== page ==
Gandhi’s Pioneering Contribution
The career of Mohandas Gandhi (1869–1948) marked a watershed in the development of nonviolent struggle. In leading the struggle for Indian independence, Gandhi was the first to combine a variety of tactics according to a strategic plan in a campaign of explicitly nonviolent action, and the first to conduct a series of campaigns toward long-term goals. Deeply religious, practical, and experimental in temperament, Gandhi was a shrewd, tireless, and efficient organizer who united cheerfulness with unshakable determination. He was not only a political strategist but a social visionary. Gandhi’s nonviolence had three main elements: 1) self-improvement (the effort to make oneself a better person), 2) “constructive program” (concrete work to create the new social order aimed at), and 3) campaigns of resistance against evils that blocked the way forward, such as the caste system and British colonial exploitation. Gandhi’s success in linking mass action with nonviolent discipline showed the enormous social power this form of struggle could generate. While his contribution was overwhelmingly positive, it is also true that his experimental, unsystematic approach and personal charisma make it difficult to disentangle those aspects of his approach peculiar to Indian society, or which expressed his personal eccentricities, from those aspects of nonviolent action of possible universal application.
It is through nonviolent direct action campaigns in the tradition of Gandhi that most people in the U.S. have become aware of nonviolence and nonviolent methods. In fact, despite the many violent aspects of American history of which we have become increasingly aware in recent years, the U.S. has its own native tradition of nonviolence. Staughton Lynd has noted that “America has more often been the teacher than the student of the nonviolent ideal” (Nonviolence in America).
Nonviolent currents in American history (using “nonviolent” in the specific sense rather than meaning anything “not violent”) include the following:
1) The use of methods which in retrospect we recognize as nonviolent. The movement for women’s rights during the nineteenth century used civil disobedience, tax refusal, and public demonstrations. Alice Paul’s Woman’s Party used the vigil and hunger strike to exert pressure on behalf of women’s right to vote. During the Great Depression of the 1930s, the sit-down strike was used as a way to force recognition of workers’ rights. Less well known, but highly significant, was the plan of struggle called the Continental Association, adopted in October, 1774. Delegates from the thirteen colonies agreed on a program which included both economic boycotts (nonconsumption, nonimportation, and nonexportation) and social boycotts and other sanctions against those reluctant to comply. Their program was the major pre-Gandhian campaign to include planned strategic phasing of the struggle.
2) The participation of adherents of nonviolence in important struggles. Examples already mentioned include the struggle for the abolition of slavery, for women’s suffrage, for the rights of labor, and for civil liberties. Many organizations and institutions grew out of pacifist commitments, including Brookwood Labor College (the first residential labor college in America), National Conference of Christians and Jews, American Civil Liberties Union, American Committee on Africa, Society for Social Responsibility in Science, and the Congress of Racial Equality. Many fought for racial justice, others for admission of Jewish refugees during the 1930s. Opposition to war and violence logically drew people to work actively against other kinds of injustice. Although frequently undramatic, the work accomplished by such people has contributed substantially to the betterment of society.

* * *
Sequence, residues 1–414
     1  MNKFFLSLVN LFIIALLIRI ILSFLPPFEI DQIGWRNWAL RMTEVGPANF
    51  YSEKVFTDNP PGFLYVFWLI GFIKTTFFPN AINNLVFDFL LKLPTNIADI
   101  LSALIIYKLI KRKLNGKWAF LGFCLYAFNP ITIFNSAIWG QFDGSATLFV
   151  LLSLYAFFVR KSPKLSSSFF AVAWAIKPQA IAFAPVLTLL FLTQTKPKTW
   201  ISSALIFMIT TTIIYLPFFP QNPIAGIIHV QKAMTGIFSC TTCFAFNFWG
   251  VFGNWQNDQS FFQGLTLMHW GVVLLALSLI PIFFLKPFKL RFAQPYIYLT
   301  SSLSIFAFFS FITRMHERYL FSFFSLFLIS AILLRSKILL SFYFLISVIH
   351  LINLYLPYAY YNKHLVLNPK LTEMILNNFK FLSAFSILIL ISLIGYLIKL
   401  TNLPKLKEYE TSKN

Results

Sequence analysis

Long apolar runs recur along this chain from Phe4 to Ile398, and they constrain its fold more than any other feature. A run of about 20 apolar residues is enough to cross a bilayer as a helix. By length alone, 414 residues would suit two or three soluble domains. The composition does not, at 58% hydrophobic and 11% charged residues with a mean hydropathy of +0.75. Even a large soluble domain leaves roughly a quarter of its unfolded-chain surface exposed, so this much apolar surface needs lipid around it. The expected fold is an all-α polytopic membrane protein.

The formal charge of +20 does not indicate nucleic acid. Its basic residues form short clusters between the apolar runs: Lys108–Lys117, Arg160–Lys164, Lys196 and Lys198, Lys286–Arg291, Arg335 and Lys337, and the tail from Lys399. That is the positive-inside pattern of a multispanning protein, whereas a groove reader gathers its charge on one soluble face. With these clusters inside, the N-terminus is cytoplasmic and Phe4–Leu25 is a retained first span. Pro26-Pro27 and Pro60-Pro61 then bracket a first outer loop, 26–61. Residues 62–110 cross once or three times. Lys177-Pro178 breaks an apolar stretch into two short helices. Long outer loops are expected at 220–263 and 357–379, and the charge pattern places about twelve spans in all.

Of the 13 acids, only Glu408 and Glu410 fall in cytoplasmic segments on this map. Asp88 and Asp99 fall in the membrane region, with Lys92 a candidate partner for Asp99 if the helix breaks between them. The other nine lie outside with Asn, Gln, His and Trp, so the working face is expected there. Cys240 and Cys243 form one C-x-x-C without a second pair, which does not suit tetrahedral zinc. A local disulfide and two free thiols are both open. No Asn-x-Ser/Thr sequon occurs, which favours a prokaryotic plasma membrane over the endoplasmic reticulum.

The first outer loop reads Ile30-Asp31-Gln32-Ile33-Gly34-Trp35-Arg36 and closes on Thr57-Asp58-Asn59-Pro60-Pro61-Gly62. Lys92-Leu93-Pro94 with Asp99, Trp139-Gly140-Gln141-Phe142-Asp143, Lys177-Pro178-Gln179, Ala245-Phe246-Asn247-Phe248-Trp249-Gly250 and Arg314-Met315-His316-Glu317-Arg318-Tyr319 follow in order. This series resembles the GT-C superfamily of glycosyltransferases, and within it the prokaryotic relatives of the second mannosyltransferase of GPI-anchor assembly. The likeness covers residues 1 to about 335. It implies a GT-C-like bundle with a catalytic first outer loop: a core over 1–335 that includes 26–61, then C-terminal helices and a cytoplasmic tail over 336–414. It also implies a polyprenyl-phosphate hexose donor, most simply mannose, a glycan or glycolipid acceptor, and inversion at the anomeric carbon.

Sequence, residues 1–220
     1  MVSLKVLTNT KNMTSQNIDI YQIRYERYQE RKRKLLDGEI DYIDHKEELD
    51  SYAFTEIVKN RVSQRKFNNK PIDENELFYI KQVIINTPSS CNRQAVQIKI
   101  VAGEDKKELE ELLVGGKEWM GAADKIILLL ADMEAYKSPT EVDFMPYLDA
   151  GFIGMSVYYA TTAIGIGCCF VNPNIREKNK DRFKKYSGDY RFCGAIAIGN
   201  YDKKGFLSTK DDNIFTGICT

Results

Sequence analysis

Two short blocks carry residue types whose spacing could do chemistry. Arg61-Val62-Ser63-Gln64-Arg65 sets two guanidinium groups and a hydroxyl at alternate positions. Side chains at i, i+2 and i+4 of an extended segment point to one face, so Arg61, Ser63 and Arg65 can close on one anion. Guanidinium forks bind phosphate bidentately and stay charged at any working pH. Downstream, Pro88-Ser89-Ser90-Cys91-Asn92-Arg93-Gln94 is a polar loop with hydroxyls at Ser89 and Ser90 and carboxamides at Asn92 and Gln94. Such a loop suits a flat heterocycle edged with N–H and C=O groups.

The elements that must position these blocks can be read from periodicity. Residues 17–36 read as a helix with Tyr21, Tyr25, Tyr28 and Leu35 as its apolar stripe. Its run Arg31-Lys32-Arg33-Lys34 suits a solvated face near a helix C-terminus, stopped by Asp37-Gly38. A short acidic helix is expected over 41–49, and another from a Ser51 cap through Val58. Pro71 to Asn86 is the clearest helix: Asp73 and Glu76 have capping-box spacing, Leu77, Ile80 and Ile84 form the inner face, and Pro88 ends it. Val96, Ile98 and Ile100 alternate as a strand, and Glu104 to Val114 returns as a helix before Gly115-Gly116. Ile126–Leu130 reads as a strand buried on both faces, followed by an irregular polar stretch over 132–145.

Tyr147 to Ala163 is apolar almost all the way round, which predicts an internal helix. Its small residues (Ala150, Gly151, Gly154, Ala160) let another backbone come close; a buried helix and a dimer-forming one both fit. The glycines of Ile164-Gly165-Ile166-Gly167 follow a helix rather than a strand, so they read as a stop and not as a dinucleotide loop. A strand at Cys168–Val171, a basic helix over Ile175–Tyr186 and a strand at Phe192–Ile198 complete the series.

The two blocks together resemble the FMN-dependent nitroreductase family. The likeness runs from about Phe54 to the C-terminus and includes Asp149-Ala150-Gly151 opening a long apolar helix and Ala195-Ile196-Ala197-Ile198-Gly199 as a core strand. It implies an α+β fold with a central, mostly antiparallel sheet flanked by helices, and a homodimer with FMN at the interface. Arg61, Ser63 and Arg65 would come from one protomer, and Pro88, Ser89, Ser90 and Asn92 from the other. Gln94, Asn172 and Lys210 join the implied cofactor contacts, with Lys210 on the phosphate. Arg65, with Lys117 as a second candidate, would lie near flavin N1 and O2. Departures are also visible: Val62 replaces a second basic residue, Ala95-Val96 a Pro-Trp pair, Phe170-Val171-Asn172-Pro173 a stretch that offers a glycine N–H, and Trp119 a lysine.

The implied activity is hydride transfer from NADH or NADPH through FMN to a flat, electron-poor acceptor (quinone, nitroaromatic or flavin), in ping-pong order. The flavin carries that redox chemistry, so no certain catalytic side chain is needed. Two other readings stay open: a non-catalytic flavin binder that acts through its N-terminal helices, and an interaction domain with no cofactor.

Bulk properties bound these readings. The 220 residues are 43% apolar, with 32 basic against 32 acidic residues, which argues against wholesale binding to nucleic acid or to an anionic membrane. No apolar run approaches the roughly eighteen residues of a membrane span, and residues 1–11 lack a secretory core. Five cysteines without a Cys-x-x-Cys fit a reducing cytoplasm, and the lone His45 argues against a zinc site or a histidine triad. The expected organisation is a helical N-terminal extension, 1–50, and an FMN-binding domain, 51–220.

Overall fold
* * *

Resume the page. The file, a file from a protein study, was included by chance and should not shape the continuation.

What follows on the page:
3) Actions and campaigns undertaken or directed by explicitly nonviolent leadership. During World War II and shortly thereafter, militant pacifists succeeded in ending racial segregation in prisons where they themselves were held, and took part in the first “Freedom Rides” to desegregate interstate transportation. The most dramatic nonviolent actions of the 1950s were several voyages into nuclear testing areas by small vessels with pacifist crews. In a time when nuclear war seemed a fate humanity was powerless to overcome, these actions gave expression to the widespread yearning to act against the madness of testing and the arms race. Although in each case the boats were prevented from reaching their destinations, the powerful symbolism of the voyages succeeded in boosting the morale of the anti-nuclear movement, thus giving a real impetus to the public sentiment which resulted in the 1963 test-ban treaty.
Nonviolent activists also provided inspiration through examples of courage and by taking on personal responsibility for institutional injustice. Historians of the New Left have noted that it consciously adopted issues, tactics, and moral postures from the nonviolent tactics of personal witness and mass civil disobedience. But it was the movement of Black people for civil rights and an end to racial oppression which imprinted the idea of nonviolence on the American consciousness. The bus boycott in Montgomery, Alabama, which began in December 1955, when Rosa Parks refused to surrender her seat to a white passenger, grew to include an alternative transportation system and ended with the desegregation of the entire bus system. An eloquent young minister, Dr. Martin Luther King, Jr., attained national prominence as a spokesperson in the struggle, demonstrating that nonviolence could win significant victories not only in India but also in the U.S., despite racial violence and intimidation.